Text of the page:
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A construction worker was killed at the new Royal Adelaide Hospital site on the weekend.

The male worker died late last Saturday afternoon. He was 63 years old and sustained crush injuries, according to The Advertiser.

SafeWork SA is investigating the incident.

“I offer my condolences to the man’s family and friends at this difficult time, and every support is being offered to the family,” said SafeWork SA Executive Director Marie Boland in a media statement.

Another worker, 54-year-old Jorge Castillo-Riffo, was crushed to death at the same site in 2014.

The most recent fatality brings South Australia’s 2016 work-related death toll to five.

For more details, visit SafeWork SA

Published on 25 February 2016 in the NSCA Foundation Safe-T-Bulletin enewsletter – available free every fortnight direct to your email. Subscribe online today

Around 34 construction workers are seriously injured each day, according to the latest injury and fatality figures from Safe Work Australia.

Some 12,300 employees made a workers compensation claim requiring one or more weeks off work in 2012–13, according to ‘Work-Related Injuries and Fatalities in Construction, Australia, 2003 to 2013’.

These preliminary workers compensation figures equate to 34 workers seriously injured per day.

The median cost of these preliminary claims and time spent off work are not available as “some claims remain open and the time lost and associated payments can increase”, the report says.

Nevertheless, in the previous year, 12,600 employees made a workers compensation claim requiring one or more weeks off work, according to the report.

During this time, a seriously injured construction worker typically had 6.4 working weeks off work and received a median compensation payment of $11,000, the report adds.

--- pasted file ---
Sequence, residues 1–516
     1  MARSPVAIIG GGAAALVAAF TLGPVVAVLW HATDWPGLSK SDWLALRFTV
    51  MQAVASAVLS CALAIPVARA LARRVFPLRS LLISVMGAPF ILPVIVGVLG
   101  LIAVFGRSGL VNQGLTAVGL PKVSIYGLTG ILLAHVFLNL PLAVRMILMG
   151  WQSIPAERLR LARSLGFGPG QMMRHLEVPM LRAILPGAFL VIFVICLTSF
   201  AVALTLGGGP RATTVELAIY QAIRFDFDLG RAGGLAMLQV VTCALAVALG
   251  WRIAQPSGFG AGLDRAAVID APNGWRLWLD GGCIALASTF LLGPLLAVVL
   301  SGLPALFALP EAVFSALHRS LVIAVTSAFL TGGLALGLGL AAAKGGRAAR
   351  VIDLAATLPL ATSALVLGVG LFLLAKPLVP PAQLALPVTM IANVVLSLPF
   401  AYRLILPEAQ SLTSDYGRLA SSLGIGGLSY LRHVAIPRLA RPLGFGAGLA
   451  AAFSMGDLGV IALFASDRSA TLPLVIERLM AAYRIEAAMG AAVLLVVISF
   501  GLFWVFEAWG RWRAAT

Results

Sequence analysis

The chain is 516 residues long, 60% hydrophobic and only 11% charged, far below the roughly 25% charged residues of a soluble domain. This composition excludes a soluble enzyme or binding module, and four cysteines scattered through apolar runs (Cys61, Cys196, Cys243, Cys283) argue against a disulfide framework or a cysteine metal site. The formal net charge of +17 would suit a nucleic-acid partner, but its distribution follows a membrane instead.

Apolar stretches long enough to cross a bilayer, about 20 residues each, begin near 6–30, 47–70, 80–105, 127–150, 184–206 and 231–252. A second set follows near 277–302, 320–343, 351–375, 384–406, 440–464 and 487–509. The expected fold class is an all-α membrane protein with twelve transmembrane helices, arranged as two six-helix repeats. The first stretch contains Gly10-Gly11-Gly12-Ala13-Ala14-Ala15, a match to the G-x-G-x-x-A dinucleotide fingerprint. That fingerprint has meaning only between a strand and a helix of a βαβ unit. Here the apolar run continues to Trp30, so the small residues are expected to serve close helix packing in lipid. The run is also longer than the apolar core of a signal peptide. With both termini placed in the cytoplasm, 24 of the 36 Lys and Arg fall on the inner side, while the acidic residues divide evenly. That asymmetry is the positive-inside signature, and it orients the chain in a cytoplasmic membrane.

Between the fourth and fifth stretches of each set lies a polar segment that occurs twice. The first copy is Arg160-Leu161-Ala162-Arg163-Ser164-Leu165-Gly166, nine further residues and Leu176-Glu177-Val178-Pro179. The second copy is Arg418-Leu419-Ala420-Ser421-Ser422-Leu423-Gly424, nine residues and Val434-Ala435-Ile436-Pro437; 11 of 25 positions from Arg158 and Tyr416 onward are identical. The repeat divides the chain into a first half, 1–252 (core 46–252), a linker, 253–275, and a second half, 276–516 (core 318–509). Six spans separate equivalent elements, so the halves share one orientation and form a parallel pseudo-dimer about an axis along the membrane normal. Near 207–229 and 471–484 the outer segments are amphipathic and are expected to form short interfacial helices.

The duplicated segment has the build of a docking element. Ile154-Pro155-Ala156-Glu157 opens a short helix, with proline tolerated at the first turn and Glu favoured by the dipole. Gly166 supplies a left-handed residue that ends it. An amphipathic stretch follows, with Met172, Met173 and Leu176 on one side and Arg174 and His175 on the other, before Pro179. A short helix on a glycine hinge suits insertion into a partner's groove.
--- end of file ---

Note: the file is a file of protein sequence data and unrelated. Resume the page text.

For more details, visit the figures

Published on 27 August 2015 in the NSCA Foundation Safe-T-Bulletin enewsletter – available free every fortnight direct to your email.  Subscribe online today.

A large proportion of workers and employers may report following safety procedures at work, but it’s the 2 to 20 per cent who don’t that can cause havoc.

A new Safe Work Australia report titled ‘Work Health & Safety Perceptions: Construction Industry’ has drawn on six existing Safe Work Australia data sources and one Australian Bureau of Statistics (ABS) data source to examine work health and safety (WHS) in the construction industry.

“The 2009 MAPS survey measured how consistently specific safety practices were undertaken in the workplace,” the report says.

“Almost 90 per cent of workers in the construction industry reported that particular safety practices were followed in their workplace most of the time or always.

“These included removing hazards as much as possible (93 per cent), making work practices safe (92 per cent), using PPE (90 per cent) and identifying health and safety risks (89 per cent).”

However, the WHS Perceptions survey 2012 report revealed a different outcome. “The results were somewhat different, particularly for the use of PPE (90 per cent in MAPS compared to 79 per cent in WHS Perceptions), removing hazards as much as possible (93 per cent in MAPS compared to 85 per cent in WHS Perceptions) and making work practices safe (92 per cent in MAPS compared to 84 per cent in WHS Perceptions),” the report says.